Nasdaq futures were off 0.2%, after 10 straight sessions of gains which left the index looking over extended. S&P 500 futures dipped 0.1%. 

Friday’s U.S. robust payrolls report included upward revisions to the previous couple of months and another strong reading on wages.  

Tightness in the labor market combined with dislocation in global supply chains should result in another high reading for U.S. consumer prices due on Wednesday, with any upside surprise likely to rekindle talk of an earlier Federal Reserve hike. 

Analysts note an alternative measure of core trimmed mean inflation has already picked up markedly to an annual 3.6%. 

Full coverage: REUTERS 

Dollar firm as U.S. inflation poses next test 

The dollar made a steady start to the week on Monday but was kept below Friday peaks, as currency traders seek a path between markets’ volatile interest rate projections and central bankers vowing to keep rates low even as inflation surges. 

Figures due Wednesday are expected to show U.S. consumer price growth running hot at 5.8% year-on-year, the next big test of faith in the Federal Reserve’s insistence it will be patient with interest rate hikes. 

In early Asia trade, the dollar was marginally higher against the yen and crept from a one-week low to 113.49 yen. 

After briefly touching a 15-month top of $1.15135 on the euro in the wake of strong U.S. labor data on Friday, the greenback steadied at $1.1566 per euro.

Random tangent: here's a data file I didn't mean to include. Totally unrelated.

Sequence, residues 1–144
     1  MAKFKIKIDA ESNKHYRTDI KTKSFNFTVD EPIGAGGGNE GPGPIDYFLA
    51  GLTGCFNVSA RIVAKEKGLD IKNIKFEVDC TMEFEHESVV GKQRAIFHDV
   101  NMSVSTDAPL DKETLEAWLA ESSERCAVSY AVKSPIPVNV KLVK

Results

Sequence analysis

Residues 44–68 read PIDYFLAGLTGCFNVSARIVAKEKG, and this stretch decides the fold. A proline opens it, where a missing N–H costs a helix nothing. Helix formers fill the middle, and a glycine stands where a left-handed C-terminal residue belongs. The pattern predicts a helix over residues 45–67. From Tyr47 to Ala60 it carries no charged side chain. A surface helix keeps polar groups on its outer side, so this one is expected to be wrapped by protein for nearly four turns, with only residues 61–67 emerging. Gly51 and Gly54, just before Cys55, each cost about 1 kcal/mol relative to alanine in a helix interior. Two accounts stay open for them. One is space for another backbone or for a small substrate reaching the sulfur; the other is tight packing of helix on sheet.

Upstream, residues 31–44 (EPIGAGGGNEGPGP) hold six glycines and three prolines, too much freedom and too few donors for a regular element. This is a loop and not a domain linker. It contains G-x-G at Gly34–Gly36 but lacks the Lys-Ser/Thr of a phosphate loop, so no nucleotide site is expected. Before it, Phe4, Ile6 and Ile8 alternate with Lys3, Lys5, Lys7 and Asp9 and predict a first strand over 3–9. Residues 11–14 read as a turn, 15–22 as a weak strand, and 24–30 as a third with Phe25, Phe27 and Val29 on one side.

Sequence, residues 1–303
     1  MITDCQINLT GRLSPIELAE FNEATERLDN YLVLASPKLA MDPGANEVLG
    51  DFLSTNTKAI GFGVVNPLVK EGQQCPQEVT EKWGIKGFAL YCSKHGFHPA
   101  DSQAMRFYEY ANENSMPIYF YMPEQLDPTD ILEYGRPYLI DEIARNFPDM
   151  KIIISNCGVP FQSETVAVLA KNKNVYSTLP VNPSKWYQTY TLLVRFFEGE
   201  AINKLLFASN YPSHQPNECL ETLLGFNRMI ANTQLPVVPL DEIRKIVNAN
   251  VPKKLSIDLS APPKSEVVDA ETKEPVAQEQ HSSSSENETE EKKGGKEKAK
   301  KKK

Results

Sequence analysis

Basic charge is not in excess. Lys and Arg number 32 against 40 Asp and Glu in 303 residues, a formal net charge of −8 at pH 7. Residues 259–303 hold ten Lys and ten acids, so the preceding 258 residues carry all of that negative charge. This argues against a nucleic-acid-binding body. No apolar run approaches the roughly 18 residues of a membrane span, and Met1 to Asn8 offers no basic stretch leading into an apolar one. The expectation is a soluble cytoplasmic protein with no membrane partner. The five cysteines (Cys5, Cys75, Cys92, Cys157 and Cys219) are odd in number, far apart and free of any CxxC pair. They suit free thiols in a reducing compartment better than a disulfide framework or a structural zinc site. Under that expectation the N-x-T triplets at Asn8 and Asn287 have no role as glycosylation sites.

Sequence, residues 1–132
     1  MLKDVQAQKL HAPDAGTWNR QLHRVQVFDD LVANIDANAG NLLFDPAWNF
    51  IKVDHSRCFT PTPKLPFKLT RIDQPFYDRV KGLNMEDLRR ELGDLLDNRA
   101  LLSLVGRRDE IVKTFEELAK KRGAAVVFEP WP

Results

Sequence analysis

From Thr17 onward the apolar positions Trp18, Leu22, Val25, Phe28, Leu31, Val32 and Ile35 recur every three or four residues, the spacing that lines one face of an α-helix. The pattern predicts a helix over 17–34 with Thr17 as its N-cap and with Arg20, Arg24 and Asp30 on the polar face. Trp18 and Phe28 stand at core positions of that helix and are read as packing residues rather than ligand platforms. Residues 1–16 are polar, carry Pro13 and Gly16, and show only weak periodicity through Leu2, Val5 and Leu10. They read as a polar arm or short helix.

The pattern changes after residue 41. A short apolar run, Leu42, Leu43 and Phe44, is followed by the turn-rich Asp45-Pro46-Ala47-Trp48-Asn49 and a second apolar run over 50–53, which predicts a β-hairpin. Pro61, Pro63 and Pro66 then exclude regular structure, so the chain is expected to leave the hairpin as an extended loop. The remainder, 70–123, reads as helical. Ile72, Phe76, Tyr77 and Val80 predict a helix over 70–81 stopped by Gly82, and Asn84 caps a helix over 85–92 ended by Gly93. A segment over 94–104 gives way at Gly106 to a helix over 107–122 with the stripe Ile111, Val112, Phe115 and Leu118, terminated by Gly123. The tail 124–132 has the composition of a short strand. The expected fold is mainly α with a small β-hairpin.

Sterling, which was walloped when the Bank of England surprised traders by holding rates steady last week, fell to a five-week low of $1.3425 on Friday, before bouncing to hold at $1.3487 on Monday. 

The Bank of England’s surprise triggered a sharp reversal late last week in what had become quite aggressive bets on imminent rate hikes in Britain and globally, while stocks have meandered higher through the maelstrom in bond markets. 

Full coverage: REUTERS 

Oil rises after Aramco raises crude selling price 

Oil prices rose on Monday after Saudi Arabia’s state-owned oil producer Aramco raised the official selling price for its crude, suggesting demand remains strong at a time of tighter supplies. 

Brent crude was up by 90 cents or 1.1% at $83.64 a barrel, after dropping nearly 2% last week. U.S. oil gained 87 cents or 1.1% to $82.14, having declined almost 3% through Friday. 

Aramco late on Friday raised its December official selling price to Asia for its Arab light crude to $2.70 a barrel versus Oman/Dubai crude, up $1.40 from this month.  

The move by Aramco suggests “demand remains strong” as the OPEC producer and other major oil exporters keep the reins on supply, ANZ Research said in a note. 

The Organization of the Petroleum Exporting Countries and allies such as Russia, together known as OPEC+, agreed last week to stick to their plan to raise oil output by 400,000 barrels per day from December. 

U.S. President Joe Biden had called on OPEC+ to produce more barrels to dampen rising prices and on Saturday said his administration has “other tools” to deal with the higher price of oil. 

Elsewhere, China’s oil imports slumped in October to the lowest in three years, as state-owned refiners withheld purchases due to higher prices, while independent refiners were restrained by limited quotas for bringing in crude. 

Full coverage: REUTERS